Nepal’s economy is anticipated to grow by 1.5% in fiscal year (FY) 2021 from the preliminary estimate of 2.3% in FY2020, says the latest Asian Outlook 2020 Update, a flagship publication of the Asian Development Bank (ADB).
“After strong growth in recent years, Nepal’s economy will see further slump as a result of decline in exports, remittances, and tourist income, and the stringent measures to contain the effects of the coronavirus disease (COVID-19) pandemic, even as the lockdowns have gradually eased,” the report indicates.
“Expected sharp economic downturn in neighboring India, Nepal’s predominant trade partner, will also dent Nepal’s growth prospects,” said ADB Country Director for Nepal Mukhtor Khamudkhanov.
“Growth may decline further if the containment period prolongs with periodic lockdowns in major hotspots and consequent restrictions in economic activities through this fiscal year,” he said.
According to the Nepal Macroeconomic Update, which was also released today, agriculture growth may rise as paddy yield is expected to increase on the back of normal monsoon.
Nonetheless, delay in timely procurement of fertilizers may dampen potential agriculture growth. Industrial output will diminish reflecting a contraction in manufacturing and slowdown in construction. Service growth will be significantly lower with sluggish trade and as international tourism remains largely closed for the time being despite the reopening of regular international flights on 1 September.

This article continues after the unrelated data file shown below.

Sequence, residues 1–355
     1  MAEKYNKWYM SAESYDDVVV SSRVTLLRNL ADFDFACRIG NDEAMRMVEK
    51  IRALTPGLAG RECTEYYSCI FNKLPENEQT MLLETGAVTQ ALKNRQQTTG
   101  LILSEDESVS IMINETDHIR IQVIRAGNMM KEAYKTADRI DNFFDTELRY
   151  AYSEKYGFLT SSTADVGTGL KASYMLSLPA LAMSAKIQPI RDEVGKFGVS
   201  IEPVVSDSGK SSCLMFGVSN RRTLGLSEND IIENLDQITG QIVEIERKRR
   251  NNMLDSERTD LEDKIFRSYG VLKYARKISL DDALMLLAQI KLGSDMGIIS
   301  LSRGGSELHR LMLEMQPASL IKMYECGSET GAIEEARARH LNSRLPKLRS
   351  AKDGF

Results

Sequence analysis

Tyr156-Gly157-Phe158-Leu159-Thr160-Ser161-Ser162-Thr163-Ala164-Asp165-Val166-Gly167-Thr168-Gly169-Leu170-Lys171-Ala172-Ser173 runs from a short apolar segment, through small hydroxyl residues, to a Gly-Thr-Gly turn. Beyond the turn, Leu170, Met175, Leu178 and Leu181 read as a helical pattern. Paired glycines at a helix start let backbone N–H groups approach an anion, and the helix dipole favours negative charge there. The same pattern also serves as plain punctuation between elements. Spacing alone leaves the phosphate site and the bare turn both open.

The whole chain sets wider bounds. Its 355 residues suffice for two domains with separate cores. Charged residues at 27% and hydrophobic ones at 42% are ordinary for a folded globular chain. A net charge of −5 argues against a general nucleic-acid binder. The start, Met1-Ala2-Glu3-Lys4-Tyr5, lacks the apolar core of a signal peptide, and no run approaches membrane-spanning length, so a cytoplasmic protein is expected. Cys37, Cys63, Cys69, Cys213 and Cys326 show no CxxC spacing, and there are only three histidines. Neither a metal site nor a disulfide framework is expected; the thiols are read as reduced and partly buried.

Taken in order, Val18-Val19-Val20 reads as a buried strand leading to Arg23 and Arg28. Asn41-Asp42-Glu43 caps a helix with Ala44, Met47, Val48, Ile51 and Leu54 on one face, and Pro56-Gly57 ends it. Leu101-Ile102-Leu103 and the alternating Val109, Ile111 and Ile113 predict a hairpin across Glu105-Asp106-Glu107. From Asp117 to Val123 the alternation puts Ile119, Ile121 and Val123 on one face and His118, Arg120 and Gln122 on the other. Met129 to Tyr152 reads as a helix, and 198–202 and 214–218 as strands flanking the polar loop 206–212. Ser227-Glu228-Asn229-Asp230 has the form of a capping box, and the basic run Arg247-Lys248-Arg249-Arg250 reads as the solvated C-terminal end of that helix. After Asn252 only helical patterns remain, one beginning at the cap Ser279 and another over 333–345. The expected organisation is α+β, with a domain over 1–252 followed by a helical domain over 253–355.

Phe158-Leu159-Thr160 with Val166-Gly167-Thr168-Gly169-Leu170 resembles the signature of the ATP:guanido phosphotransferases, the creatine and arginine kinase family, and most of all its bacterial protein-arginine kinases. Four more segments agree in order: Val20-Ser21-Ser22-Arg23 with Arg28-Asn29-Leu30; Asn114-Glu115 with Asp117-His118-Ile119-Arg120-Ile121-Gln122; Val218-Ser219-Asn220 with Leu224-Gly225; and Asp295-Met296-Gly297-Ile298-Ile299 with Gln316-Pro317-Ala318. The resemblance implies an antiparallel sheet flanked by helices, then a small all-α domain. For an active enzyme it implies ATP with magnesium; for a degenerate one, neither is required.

The ADO 2020 Update says inflation is projected to moderate to an average of 5.5% in FY2021, down from 6.2% in FY2020, assuming a good harvest, modest oil prices, and subdued nonfood prices on weak domestic demand.
The current account deficit is expected to widen from -0.9% of gross domestic product in FY2020 to -1.9% a year later as import growth marginally picks up and remittance inflows decline owing to a slowdown in global demand from this crisis.
A delayed economic recovery in advanced economies in 2021 may further dent prospects for employment of Nepali migrant workers, undermining remittance inflows and Nepal’s external position.
With the uncertain return of businesses to pre-COVID-19 normalcy anytime soon, non-performing loans in the banking system may pose some risks to financial stability under a prolonged containment period.